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Sunil Jakhar to continue as Punjab Congress chief

The All India Congress Committee (AICC) in-charge of Punjab, Asha Kumari, asked Jakhar to continue in his post.

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Chandigarh, Sep 14 : Punjab Congress chief Sunil Jakhar, who had resigned after losing the Gurdaspur Lok Sabha seat to actor-politician Sunny Deol of the BJP, will continue in his post, the Congress said on Saturday.

Taking note of the “good work” done by him as the state party chief, the Congress high command has rejected the resignation of Jakhar as the President of the Punjab Pradesh Congress Committee (PPCC), an official statement said.

The All India Congress Committee (AICC) in-charge of Punjab, Asha Kumari, asked Jakhar to continue in his post.

Welcoming the decision, Punjab Chief Minister Amarinder Singh said that it was in the interest of the party as Jakhar was a seasoned grassroots leader in the state, where he had done immense work on the ground besides building a strong party cadre.

Senior Congress leader Jakhar (65) — who was elected from Gurdaspur in the 2017 Lok Sabha bypolls held after the death of BJP lawmaker Vinod Khanna — had lost in this year’s general elections to Sunny Deol, who was contesting his maiden election, by over 80,000 votes.

“Everyone supported me fully and put in their best for me, but I was unable to defend my seat. In such a scenario, I cannot continue as the state chief. I feel a moral responsibility to quit,” Jakhar had written in his resignation letter.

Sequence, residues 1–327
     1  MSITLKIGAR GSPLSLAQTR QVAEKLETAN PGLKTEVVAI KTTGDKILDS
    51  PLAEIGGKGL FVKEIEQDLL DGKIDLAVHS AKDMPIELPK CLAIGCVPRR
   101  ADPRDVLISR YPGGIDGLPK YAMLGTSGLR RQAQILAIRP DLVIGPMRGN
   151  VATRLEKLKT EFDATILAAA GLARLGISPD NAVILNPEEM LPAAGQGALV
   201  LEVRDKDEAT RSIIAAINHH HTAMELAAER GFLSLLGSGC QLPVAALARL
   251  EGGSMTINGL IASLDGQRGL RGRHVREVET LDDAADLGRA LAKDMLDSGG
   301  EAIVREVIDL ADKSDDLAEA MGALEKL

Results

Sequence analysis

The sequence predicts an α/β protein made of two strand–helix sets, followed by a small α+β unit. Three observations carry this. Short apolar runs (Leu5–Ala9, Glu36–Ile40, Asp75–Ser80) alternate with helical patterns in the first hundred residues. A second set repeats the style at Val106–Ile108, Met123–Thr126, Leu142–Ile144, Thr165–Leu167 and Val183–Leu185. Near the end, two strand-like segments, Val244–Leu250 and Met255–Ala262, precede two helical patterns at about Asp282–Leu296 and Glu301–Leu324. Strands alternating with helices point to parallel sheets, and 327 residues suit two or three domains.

India

Like Scindia, Aditi Singh removes INC from Twitter profile

Aditi Singh has been regularly praising Prime Minister Narendra Modi and UP Chief Minister Yogi Adityanath from time to time.

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Aditi Singh Akhilesh congress raebareli

Lucknow, May 27 : Aditi Singh, the rebel Congress MLA from Rae Bareli, seems to be going the Jyotiraditya Scindia way.

Aditi Singh, on Wednesday, changed her Twitter profile, removing Indian National Congress from it.

It may be recalled that just before switching over to the BJP, Scindia had also dropped INC from his profile on social media.

Aditi Singh’s profile now reads – “MLA Rae Bareli Sadar, Uttar Pradesh. Masters in Management Studies, Duke University. Forever trying to be a practitioner of Ayurveda, Yoga and Plant Based Living.”

The MLA, since September last year, has been charting her own course-one that defies the Congress line.

She welcomed the abrogation of Article 370 in Kashmir at a time when the Congress was opposing the move. She then defied the party line to attend a special assembly session in UP in October.

Aditi Singh has been regularly praising Prime Minister Narendra Modi and UP Chief Minister Yogi Adityanath from time to time.

The Congress has already filed a petition seeking her disqualification from the membership of the state assembly for alleged anti-party activities. However, no action has yet been taken on the petition.

More recently, Aditi Singh slammed the Congress for sending buses for migrant workers and appreciated the work being done by the Yogi government for migrants.

Speculations are rife that Aditi Singh may soon join the BJP and is likely to be named as the party candidate from Rae Bareli in the 2024 Lok Sabha elections.

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Lifestyle

Small temples’ closure in UP affecting priests: Congress

As per media reports, there are around 5,000 small temples apart from famous and historical temples in Uttar Pradesh.

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Jitin Prasada Congress UP

New Delhi, May 27 : The Congress has voiced concern over prolonged closure of small temples forcing many priests to go without wages during the lockdown.

“Due to lockdown small temples have been closed for more than two months. These temples mostly depend on offerings by worshippers. The ‘pujaris’ (priests) are now finding it difficult to make ends meet. The UP government should provide Rs 7,500 per temple so that ‘pooja’ can continue,” said Congress Working Committee member Jitin Prasada in a tweet.

“Who can better understand the problem of the ‘pujari’ than the Chief Minister (Yogi Adityanath) who himself heads a ‘Math’? This is even more surprising because the state government has a separate Ministry.”